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Making the cacophony of public transit a soothing symphony

New York’s subway could sound better. (Andrew Burton/Getty Images)

Perhaps our standards for public places should be higher. Instead of accepting the din of public transit systems, what if we were greeted by pleasing harmonies? Former LCD Soundsystem frontman James Murphy — who once turned down a writing gig on “Seinfeld” — has a plan to bring melodies to the New York subway, as he told The Wall Street Journal:

For the past 15 years, Mr. Murphy has been crafting what he says is a low-cost musical solution: He has worked out a unique set of notes for every station, one of which would sound each time a passenger swipes his or her MetroCard to catch a train. The busier a station becomes, the richer the harmonies would be. The same notes would also play in a set sequence when the subway arrives at that stop. Each of the city’s 468 subway stations would have note sets in different keys.

Now, he believes his plan finally has a chance, as the state’s Metropolitan Transportation Authority embarks on a $900,000-a-year project to improve passenger flow at some stations by repositioning turnstiles, furniture and emergency exits.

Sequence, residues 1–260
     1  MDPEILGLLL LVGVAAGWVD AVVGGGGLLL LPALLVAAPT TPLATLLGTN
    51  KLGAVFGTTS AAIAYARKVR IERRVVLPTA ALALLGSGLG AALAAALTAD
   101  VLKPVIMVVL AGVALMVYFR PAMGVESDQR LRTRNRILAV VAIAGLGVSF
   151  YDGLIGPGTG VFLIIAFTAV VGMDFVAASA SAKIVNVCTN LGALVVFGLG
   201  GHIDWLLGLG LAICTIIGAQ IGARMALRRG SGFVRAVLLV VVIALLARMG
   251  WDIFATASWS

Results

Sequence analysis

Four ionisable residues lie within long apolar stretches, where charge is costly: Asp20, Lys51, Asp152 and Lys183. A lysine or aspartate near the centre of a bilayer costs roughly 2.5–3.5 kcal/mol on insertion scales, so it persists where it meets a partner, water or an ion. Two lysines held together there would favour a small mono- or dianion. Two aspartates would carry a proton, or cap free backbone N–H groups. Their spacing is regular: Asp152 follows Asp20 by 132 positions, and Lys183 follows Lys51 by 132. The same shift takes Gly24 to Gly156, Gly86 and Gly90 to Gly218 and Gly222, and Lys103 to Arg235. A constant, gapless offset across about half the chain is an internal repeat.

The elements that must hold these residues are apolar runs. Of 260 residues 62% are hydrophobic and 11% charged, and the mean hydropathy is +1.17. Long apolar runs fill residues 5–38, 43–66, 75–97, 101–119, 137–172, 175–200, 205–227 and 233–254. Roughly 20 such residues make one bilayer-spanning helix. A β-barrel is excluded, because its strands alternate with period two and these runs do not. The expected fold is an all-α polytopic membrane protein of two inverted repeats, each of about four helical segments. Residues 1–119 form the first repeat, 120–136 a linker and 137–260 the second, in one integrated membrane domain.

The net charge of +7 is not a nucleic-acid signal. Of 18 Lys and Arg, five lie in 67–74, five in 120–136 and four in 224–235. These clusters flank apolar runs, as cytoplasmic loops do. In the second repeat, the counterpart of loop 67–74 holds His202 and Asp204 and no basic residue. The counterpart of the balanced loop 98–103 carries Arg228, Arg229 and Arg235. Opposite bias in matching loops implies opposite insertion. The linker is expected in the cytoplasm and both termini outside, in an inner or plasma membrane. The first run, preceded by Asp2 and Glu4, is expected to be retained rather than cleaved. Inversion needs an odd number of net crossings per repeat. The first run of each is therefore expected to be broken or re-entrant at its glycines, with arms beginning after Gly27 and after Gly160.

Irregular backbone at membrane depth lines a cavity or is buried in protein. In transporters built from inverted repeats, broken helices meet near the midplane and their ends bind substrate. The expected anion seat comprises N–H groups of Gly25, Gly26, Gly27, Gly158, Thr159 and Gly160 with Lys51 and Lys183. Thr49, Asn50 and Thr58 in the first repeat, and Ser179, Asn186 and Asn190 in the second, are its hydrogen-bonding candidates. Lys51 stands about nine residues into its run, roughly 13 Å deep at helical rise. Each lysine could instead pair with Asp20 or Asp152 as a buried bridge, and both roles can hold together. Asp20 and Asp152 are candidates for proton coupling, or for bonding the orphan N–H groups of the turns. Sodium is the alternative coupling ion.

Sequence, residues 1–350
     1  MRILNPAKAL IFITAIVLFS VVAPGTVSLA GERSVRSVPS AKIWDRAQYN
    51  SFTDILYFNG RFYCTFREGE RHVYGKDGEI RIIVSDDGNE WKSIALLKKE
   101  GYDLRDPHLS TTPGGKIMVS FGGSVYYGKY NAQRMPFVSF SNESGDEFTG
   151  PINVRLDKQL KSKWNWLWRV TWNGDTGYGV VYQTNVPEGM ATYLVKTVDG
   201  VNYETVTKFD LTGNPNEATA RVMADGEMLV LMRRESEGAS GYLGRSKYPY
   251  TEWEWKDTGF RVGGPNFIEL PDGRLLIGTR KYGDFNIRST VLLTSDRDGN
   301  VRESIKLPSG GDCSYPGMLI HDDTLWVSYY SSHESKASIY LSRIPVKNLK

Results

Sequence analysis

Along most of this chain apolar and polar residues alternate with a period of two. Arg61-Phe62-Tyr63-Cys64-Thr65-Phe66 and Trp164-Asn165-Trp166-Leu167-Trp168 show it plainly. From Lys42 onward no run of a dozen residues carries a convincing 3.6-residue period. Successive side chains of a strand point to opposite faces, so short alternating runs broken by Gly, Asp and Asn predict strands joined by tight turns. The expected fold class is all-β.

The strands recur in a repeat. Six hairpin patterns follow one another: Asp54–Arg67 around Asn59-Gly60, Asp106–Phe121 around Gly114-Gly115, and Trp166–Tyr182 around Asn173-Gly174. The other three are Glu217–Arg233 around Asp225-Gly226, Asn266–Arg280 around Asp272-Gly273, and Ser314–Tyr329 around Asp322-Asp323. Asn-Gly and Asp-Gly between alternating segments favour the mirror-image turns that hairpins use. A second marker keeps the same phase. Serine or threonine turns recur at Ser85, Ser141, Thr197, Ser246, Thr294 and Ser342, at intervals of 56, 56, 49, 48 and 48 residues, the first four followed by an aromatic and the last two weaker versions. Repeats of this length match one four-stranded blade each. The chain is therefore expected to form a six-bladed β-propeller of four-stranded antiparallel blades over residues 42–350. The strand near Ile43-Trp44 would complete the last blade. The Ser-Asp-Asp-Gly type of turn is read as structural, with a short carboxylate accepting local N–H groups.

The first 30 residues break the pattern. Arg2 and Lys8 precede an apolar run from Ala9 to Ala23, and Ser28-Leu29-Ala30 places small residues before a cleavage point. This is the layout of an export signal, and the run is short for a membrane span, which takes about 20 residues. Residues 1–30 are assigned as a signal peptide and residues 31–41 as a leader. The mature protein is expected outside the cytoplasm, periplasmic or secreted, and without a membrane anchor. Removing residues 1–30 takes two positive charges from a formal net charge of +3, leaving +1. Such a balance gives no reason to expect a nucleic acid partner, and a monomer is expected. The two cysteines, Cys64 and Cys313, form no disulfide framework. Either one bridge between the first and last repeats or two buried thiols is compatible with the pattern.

In this video you can hear what Murphy envisions the subway sounding like:

In one similar project, a staircase in Stockholm was turned into piano keys:

At the end of the day, the cost of such projects makes them unlikely to be adopted on a large scale. But we can all dream.

Matt McFarland is the editor of Innovations. He's always looking for the next big thing. You can find him on Twitter and Facebook.



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Matt McFarland · February 24, 2014

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